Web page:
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No, Your Skin Care Shouldn’t Hurt

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    Illustrated by Anna Sudit.


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    We live in a more is better culture. So if you’re piling on skin care at the same rate that Kim Kardashian goes through contouring cream, we don’t blame you. As long as what you’re using is benign, like gentle cleansers, hydrating masks, and lotions, go for it. This urge to amass goes awry when you’re assaulting skin with too many active, irritating ingredients. (Lobster face, we are on to you.) Your thinking may go something like this: “If a little stinging means it’s working, then a straight-out burn means it’s working extra well, right?” Wrong.

    “No pain, no gain is a terrible motto when dealing with your face,” says Lucile White, MD, a dermatologist in Houston, Texas. Skin care should not sting, tingle, or burn on a daily basis. If it does, you’ll get redness, peeling, and flaking. “Those are signs of chronic inflammation,” says Karyn Grossman, MD, a dermatologist, who practices in New York and Santa Monica. In other words, your skin ain’t happy, and inflamed skin will develop a cascade of other issues — dryness, tightness, and increased sensitivity.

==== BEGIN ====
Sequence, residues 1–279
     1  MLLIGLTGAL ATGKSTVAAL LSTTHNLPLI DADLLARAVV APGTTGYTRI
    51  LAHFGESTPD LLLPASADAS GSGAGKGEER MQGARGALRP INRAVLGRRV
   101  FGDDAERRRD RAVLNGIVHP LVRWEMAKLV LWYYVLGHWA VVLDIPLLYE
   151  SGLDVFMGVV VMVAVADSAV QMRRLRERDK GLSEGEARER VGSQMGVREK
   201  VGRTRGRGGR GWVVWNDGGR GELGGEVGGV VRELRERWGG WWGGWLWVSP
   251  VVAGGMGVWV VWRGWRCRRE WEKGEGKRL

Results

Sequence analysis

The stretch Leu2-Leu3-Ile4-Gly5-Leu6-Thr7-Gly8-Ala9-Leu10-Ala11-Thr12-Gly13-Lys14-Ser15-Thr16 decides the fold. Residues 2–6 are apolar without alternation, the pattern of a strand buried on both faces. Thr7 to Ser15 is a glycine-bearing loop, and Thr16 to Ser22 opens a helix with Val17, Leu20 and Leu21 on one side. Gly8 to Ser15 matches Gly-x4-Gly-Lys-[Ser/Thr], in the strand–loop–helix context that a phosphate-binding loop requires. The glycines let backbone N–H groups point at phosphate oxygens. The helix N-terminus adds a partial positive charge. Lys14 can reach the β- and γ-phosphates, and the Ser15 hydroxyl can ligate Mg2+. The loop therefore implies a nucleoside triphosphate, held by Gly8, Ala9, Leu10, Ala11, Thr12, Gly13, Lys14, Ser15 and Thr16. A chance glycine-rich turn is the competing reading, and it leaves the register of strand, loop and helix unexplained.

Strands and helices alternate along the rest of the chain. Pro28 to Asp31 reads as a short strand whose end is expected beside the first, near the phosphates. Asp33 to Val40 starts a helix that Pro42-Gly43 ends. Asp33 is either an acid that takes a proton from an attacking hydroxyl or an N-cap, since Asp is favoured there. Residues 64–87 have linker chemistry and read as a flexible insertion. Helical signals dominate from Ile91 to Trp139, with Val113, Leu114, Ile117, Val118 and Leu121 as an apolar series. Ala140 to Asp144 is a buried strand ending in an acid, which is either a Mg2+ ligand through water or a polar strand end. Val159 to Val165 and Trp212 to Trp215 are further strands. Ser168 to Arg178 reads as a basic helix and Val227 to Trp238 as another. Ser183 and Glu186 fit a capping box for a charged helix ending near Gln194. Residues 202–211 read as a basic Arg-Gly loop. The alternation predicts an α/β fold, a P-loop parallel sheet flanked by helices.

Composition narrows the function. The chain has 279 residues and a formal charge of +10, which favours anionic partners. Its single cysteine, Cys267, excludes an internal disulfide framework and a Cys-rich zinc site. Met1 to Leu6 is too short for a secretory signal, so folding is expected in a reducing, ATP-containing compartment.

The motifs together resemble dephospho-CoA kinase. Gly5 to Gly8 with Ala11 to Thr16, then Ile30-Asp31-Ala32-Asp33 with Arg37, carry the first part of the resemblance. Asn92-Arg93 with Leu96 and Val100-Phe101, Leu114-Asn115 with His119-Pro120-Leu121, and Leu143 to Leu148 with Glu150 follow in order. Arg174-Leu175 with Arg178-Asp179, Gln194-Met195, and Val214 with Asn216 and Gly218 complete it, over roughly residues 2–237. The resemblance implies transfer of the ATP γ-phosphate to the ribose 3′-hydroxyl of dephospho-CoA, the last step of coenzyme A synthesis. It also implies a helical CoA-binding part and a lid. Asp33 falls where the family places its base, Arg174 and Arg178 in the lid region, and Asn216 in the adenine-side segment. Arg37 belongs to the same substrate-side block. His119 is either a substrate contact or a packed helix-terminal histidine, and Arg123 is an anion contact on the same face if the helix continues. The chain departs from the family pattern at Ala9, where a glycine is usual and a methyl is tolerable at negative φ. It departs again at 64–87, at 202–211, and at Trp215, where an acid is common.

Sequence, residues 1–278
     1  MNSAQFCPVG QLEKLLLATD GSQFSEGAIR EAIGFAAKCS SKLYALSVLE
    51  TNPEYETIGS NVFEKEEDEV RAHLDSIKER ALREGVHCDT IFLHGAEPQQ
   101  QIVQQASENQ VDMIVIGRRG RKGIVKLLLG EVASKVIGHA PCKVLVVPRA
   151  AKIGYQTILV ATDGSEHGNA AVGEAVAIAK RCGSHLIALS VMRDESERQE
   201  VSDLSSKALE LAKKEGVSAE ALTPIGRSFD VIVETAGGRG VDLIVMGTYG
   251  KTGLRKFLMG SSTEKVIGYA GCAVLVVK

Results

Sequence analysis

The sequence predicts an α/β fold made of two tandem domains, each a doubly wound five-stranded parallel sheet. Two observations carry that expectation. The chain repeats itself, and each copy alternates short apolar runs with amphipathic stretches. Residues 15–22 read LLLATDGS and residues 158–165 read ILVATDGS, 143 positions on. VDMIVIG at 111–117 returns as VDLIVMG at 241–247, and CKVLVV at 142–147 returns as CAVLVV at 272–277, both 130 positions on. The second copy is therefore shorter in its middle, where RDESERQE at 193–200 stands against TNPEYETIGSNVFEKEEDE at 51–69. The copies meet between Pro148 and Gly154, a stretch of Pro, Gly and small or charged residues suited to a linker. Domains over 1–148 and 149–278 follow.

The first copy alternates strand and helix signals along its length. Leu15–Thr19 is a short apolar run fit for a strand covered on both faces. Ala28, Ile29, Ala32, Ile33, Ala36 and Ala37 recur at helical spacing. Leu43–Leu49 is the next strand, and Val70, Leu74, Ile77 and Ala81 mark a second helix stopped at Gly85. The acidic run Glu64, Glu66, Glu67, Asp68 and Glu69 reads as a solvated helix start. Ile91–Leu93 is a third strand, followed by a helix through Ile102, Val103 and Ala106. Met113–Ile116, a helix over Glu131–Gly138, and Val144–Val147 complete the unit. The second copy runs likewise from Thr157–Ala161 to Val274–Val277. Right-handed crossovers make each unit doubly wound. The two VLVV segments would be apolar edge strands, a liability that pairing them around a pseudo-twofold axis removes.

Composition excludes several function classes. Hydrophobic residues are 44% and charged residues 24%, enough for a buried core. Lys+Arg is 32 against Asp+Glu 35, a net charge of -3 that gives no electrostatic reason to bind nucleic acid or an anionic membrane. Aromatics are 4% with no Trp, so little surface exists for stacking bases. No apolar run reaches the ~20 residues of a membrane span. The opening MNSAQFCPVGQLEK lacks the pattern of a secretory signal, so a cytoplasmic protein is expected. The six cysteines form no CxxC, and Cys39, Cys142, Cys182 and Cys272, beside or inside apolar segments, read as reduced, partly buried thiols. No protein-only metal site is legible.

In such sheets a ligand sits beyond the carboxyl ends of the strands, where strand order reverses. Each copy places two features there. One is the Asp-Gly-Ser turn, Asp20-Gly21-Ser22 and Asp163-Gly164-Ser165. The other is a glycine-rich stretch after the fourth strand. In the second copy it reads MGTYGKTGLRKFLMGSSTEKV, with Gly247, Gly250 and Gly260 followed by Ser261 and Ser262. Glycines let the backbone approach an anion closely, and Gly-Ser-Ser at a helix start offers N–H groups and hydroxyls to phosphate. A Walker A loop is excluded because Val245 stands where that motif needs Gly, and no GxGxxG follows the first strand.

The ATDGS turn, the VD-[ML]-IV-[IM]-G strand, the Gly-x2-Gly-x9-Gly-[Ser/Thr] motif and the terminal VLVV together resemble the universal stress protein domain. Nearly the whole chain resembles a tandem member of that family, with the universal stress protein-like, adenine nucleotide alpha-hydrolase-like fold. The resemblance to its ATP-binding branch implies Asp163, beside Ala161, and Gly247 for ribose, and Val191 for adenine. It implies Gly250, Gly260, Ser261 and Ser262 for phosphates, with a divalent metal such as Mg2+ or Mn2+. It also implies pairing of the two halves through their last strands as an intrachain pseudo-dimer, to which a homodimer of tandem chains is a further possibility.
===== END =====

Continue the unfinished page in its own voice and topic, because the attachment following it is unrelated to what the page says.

But here is what’s confusing: Many proven skin care ingredients, like acids and retinoids, might in fact sting, and in that particular case, they're supposed to. For products like those, tingling can be okay if it is short (three seconds or less) and intermittent (not daily).

    So, how do you know if feeling the burn is the good kind or the bad? Ahead, the pros explain how to keep from getting burned by your skin care.

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  2. Illustrated by Anna Sudit.


  3. Illustrated by Anna Sudit.


  4. Illustrated by Anna Sudit.


  5. Illustrated by Anna Sudit.


  6. Illustrated by Anna Sudit.